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Researchers use new approach to create triangulene molecule

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posted on Feb, 16 2017 @ 07:04 PM
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To create the molecule, the researches began with a dihydrotriangulene molecule because it did not have the reactive unpaired electrons—they used it as a precursor, laying it on a base (they tried xenon, copper and salt) and then probing it with the electron microscope tip to get the molecules to align in the desired way. Next, they fired an electron beam at the molecule two times to remove the hydrogen, leaving behind a triangulene. The team then created an image of the molecule they had created using the same microscope, which showed its unique triangular shape. They also found they were able to keep the molecule stable as long as they kept it in a vacuum at low temperatures. In testing the molecule, they found that its two unpaired electrons had aligned spins, which was expected. That property was one of the reasons that chemists have been trying to synthesize the molecule—it is believed it could prove very useful in various electronic devices and might even have applications in a quantum computer.

Phys.org, Feb. 15, 2017 - Researchers use new approach to create triangulene molecule.

Also:
Ars Technica - Triangulene, reactive, magnetic relative of graphene finally produced.
Businessinsider.com, Science - Scientists have finally created a triangle-shaped molecule in the lab. (color photo, a simulation but still cool)

So they started with something like a benzene ring (carbon and hydrogen linked in a ring form), then as explained, they knocked off the hydrogen molecule with an electron beam. That left a 2D carbon ring but it differs from graphene in that arranges itself into a triangle. But to reach that stable state it basically has two free floating electrons!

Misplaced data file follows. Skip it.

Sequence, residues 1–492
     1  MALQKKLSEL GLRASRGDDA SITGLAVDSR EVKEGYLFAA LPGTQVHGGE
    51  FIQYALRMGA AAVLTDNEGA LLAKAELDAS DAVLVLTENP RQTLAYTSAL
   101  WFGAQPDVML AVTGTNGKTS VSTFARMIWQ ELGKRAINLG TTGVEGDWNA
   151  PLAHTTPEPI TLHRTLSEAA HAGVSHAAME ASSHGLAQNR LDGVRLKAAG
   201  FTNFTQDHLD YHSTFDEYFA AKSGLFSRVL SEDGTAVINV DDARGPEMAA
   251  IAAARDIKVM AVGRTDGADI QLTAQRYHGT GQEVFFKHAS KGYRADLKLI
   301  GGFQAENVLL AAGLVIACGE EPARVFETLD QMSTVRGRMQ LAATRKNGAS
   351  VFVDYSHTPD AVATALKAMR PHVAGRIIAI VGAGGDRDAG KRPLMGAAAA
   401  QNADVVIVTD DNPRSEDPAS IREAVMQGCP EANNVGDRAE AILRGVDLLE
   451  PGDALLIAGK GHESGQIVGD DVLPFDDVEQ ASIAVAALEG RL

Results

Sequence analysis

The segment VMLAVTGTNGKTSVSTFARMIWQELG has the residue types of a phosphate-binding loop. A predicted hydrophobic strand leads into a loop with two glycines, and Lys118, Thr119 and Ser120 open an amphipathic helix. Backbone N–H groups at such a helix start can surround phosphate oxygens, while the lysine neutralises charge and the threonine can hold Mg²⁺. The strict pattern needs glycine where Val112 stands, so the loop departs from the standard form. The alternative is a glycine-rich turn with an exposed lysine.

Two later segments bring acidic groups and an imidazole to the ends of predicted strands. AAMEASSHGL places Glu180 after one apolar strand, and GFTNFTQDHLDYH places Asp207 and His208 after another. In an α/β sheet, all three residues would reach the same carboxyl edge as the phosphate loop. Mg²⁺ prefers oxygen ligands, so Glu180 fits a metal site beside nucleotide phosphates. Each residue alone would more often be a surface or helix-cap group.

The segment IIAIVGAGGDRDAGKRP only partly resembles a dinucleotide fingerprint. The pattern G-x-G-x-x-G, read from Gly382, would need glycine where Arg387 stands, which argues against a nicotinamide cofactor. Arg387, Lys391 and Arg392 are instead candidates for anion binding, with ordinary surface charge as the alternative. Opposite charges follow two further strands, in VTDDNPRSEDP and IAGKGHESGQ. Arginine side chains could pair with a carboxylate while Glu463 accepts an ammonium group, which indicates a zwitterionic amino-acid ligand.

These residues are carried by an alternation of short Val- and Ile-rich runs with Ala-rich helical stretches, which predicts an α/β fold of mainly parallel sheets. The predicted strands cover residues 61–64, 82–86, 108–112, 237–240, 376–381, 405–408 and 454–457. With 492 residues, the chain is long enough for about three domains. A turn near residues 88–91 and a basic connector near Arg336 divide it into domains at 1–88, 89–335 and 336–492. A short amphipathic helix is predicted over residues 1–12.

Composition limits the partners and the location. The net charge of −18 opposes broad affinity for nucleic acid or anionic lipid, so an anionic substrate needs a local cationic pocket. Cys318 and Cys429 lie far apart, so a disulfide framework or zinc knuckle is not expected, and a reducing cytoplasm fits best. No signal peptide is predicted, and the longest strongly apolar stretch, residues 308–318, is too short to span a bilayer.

This entire endeavor had to be done in vacuum and for good measure they chilled the molecule down to keep it from immediately reacting with anything. See, two free electrons are like a static charge and will want to donate themselves to any material that would accept them; Like oxygen. That would desroy the triangulene they just created. The article explains that it did *not* react with a metal substrate and they were confused as to why (spoiler: it was not touching the metal to interact).

Anyway, jumping the gun as I am want to do, pre-cooled, free electrons, already spinning together... sounds like a good place to do the old quantum entanglement thing, et. viola! A qubit is born! The science team included IBM... so that is where my mind raced to.

Anyway, this is cool news and the Ars Technica article can make you feel a little smarter trying to remember your Chemistry 101!

Welcome to the world triangulene!! Happy Birthday!





posted on Feb, 16 2017 @ 07:22 PM
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Might be a bit more interesting if you explained what a triangulene molecule was to the layman and whats it all about. Maybe some history?



posted on Feb, 16 2017 @ 08:01 PM
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a reply to: PhoenixOD

The carbon molecule is of great interest to material scientists. After 2D graphene was made in the lab other forms began to be investigated (as were other atoms). Graphene works because the bonds alternates across the sheet. It becomes super strong.

This new form, while trying to become stable, forms a block that is a triangle of carbon molecules. The electrons fall into their lowest state available. But like a game of musical chairs, two are left out.

Those two are desperate for a seat and will interact with anything passing by.

Magnetic, electric, a free molecule... they have not begun to think of uses. But the first that came to me was a quantum computer.

Sorry, had to go mobile! Does that help??



posted on Feb, 16 2017 @ 09:12 PM
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a reply to: TEOTWAWKIAIFF